sed -i "s|PATH_TO_BE_CONFIGURED|"gs://${YOUR_GCS_BUCKET}"/data|g" \
    object_detection/samples/configs/faster_rcnn_resnet101_pets.config

# Copy edited template to cloud.
gsutil cp object_detection/samples/configs/faster_rcnn_resnet101_pets.config \
    gs://${YOUR_GCS_BUCKET}/data/faster_rcnn_resnet101_pets.config

Checking Your Google Cloud Storage Bucket

At this point in the tutorial, you should have uploaded the training/validation datasets (including label map), our COCO trained FasterRCNN finetune checkpoint and your job configuration to your Google Cloud Storage Bucket. Your bucket should look like the following:

+ ${YOUR_GCS_BUCKET}/
  + data/
    - faster_rcnn_resnet101_pets.config
    - model.ckpt.index
    - model.ckpt.meta
    - model.ckpt.data-00000-of-00001
    - pet_label_map.pbtxt
    - pet_faces_train.record-*
    - pet_faces_val.record-*

You can inspect your bucket using the Google Cloud Storage browser.

Starting Training and Evaluation Jobs on Google Cloud ML Engine

Before we can start a job on Google Cloud ML Engine, we must:

  1. Package the Tensorflow Object Detection code.
  2. Write a cluster configuration for our Google Cloud ML job.

To package the Tensorflow Object Detection code, run the following commands from the tensorflow/models/research/ directory:

# From tensorflow/models/research/
bash object_detection/dataset_tools/create_pycocotools_package.sh /tmp/pycocotools
python setup.py sdist
(cd slim && python setup.py sdist)

This will create python packages dist/object_detection-0.1.tar.gz, slim/dist/slim-0.1.tar.gz, and /tmp/pycocotools/pycocotools-2.0.tar.gz.

For running the training Cloud ML job, we'll configure the cluster to use 5 training jobs and three parameters servers. The configuration file can be found at object_detection/samples/cloud/cloud.yml.

Note: This sample is supported for use with 1.8 runtime version.

To start training and evaluation, execute the following command from the tensorflow/models/research/ directory:

# From tensorflow/models/research/
gcloud ml-engine jobs submit training `whoami`_object_detection_pets_`date +%m_%d_%Y_%H_%M_%S` \
    --runtime-version 1.8 \
    --job-dir=gs://${YOUR_GCS_BUCKET}/model_dir \
    --packages dist/object_detection-0.1.tar.gz,slim/dist/slim-0.1.tar.gz,/tmp/pycocotools/pycocotools-2.0.tar.gz \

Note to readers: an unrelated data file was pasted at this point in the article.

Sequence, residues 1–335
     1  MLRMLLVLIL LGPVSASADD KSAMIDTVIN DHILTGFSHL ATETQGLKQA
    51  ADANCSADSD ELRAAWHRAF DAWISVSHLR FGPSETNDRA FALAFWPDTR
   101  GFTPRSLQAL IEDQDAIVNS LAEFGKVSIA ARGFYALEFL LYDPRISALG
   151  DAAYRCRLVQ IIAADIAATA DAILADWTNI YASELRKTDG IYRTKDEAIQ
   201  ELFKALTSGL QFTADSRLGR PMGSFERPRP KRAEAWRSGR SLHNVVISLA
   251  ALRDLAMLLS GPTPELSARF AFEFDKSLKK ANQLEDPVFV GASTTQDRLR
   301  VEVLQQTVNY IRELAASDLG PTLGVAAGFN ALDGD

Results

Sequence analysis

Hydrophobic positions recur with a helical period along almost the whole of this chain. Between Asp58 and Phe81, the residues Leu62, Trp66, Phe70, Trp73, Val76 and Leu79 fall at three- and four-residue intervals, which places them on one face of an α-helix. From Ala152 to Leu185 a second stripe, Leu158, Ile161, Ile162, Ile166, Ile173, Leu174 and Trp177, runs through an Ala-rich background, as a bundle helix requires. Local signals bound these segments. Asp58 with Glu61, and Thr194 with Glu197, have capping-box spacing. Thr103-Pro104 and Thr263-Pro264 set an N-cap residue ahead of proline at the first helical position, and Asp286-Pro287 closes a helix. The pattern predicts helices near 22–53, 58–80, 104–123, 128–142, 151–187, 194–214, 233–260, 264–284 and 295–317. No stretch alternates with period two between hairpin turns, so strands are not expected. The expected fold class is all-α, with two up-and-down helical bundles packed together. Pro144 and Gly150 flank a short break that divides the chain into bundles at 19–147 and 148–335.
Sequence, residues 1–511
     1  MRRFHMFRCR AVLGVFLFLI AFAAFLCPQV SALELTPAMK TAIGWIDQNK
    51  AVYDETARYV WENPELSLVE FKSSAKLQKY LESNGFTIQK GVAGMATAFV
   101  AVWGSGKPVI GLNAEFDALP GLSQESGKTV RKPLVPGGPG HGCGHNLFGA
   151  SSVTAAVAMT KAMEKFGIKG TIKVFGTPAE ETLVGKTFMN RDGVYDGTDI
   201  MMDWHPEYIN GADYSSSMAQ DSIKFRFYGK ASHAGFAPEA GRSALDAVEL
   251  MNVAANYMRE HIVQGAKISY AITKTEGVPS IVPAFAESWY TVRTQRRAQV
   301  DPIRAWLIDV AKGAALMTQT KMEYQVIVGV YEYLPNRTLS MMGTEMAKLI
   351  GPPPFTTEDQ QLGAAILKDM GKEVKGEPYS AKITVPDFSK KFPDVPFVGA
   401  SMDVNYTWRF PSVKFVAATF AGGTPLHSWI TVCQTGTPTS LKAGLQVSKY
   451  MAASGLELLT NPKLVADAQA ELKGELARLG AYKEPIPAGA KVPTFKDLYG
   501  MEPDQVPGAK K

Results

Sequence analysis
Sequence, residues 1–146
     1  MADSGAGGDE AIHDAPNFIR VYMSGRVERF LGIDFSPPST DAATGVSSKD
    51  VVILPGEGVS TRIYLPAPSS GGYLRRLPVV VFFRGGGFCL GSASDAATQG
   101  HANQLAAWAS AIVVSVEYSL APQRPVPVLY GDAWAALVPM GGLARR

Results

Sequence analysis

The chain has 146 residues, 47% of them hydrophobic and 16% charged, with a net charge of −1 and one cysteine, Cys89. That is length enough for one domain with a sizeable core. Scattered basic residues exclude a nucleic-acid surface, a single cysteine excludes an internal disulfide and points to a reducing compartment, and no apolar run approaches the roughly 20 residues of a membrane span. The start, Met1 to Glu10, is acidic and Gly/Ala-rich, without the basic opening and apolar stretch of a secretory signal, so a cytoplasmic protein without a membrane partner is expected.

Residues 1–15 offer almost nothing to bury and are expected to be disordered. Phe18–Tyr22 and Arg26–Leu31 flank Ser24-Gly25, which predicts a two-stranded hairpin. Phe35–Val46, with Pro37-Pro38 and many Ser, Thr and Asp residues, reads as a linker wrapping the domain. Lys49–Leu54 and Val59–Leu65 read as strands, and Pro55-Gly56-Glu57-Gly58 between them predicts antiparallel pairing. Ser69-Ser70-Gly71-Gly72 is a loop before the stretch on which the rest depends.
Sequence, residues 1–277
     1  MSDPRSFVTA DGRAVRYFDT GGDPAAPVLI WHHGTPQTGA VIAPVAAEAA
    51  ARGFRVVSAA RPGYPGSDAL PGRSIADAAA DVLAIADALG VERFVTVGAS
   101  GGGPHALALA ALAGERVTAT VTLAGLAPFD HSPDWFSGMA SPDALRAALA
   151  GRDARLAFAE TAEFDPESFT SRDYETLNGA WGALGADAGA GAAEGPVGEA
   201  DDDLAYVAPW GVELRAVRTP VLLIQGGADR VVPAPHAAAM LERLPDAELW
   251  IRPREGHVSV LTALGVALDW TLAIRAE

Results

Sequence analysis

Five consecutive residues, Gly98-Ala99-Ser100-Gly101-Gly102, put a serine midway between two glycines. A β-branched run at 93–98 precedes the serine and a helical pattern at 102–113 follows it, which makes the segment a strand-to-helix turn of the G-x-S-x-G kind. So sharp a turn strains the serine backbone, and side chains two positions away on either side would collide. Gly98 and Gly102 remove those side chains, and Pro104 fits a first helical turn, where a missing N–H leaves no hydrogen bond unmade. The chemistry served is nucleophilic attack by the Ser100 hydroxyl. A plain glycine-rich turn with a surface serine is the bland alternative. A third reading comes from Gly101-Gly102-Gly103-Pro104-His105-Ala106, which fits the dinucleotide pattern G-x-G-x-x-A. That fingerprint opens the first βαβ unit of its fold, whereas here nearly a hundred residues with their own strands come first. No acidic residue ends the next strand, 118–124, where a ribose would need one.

--module-name object_detection.model_main \
    --region us-central1 \
    --config object_detection/samples/cloud/cloud.yml \
    -- \
    --model_dir=gs://${YOUR_GCS_BUCKET}/model_dir \
    --pipeline_config_path=gs://${YOUR_GCS_BUCKET}/data/faster_rcnn_resnet101_pets.config

Users can monitor and stop training and evaluation jobs on the ML Engine Dashboard.

Monitoring Progress with Tensorboard

You can monitor progress of the training and eval jobs by running Tensorboard on your local machine:

# This command needs to be run once to allow your local machine to access your
# GCS bucket.
gcloud auth application-default login

tensorboard --logdir=gs://${YOUR_GCS_BUCKET}/model_dir

Once Tensorboard is running, navigate to localhost:6006 from your favourite web browser. You should see something similar to the following:

You will also want to click on the images tab to see example detections made by the model while it trains. After about an hour and a half of training, you can expect to see something like this:

Note: It takes roughly 10 minutes for a job to get started on ML Engine, and roughly an hour for the system to evaluate the validation dataset. It may take some time to populate the dashboards. If you do not see any entries after half an hour, check the logs from the ML Engine Dashboard. Note that by default the training jobs are configured to go for much longer than is necessary for convergence. To save money, we recommend killing your jobs once you've seen that they've converged.

Exporting the Tensorflow Graph

After your model has been trained, you should export it to a Tensorflow graph proto. First, you need to identify a candidate checkpoint to export. You can search your bucket using the Google Cloud Storage Browser. The file should be stored under ${YOUR_GCS_BUCKET}/model_dir. The checkpoint will typically consist of three files:

  • model.ckpt-${CHECKPOINT_NUMBER}.data-00000-of-00001
  • model.ckpt-${CHECKPOINT_NUMBER}.index
  • model.ckpt-${CHECKPOINT_NUMBER}.meta

After you've identified a candidate checkpoint to export, run the following command from tensorflow/models/research/:

# From tensorflow/models/research/
gsutil cp gs://${YOUR_GCS_BUCKET}/model_dir/model.ckpt-${CHECKPOINT_NUMBER}.* .
python object_detection/export_inference_graph.py \
    --input_type image_tensor \
    --pipeline_config_path object_detection/samples/configs/faster_rcnn_resnet101_pets.config \
    --trained_checkpoint_prefix model.ckpt-${CHECKPOINT_NUMBER} \
    --output_directory exported_graphs

Afterwards, you should see a directory named exported_graphs containing the SavedModel and frozen graph.

Configuring the Instance Segmentation Pipeline

Mask prediction can be turned on for an object detection config by adding predict_instance_masks: true within the MaskRCNNBoxPredictor. Other parameters such as mask size, number of convolutions in the mask layer, and the convolution hyper parameters can be defined. We will use mask_rcnn_resnet101_pets.config as a starting point for configuring the instance segmentation pipeline. Everything above that was mentioned about object detection holds true for instance segmentation. Instance segmentation consists of an object detection model with an additional head that predicts the object mask inside each predicted box once we remove the training and other details. Please refer to the section on Running an Instance Segmentation Model for instructions on how to configure a model that predicts masks in addition to object bounding boxes.

What's Next

Congratulations, you have now trained an object detector for various cats and dogs! There different things you can do now:

  1. Test your exported model using the provided Jupyter notebook.
  2. Experiment with different model configurations.
  3. Train an object detector using your own data.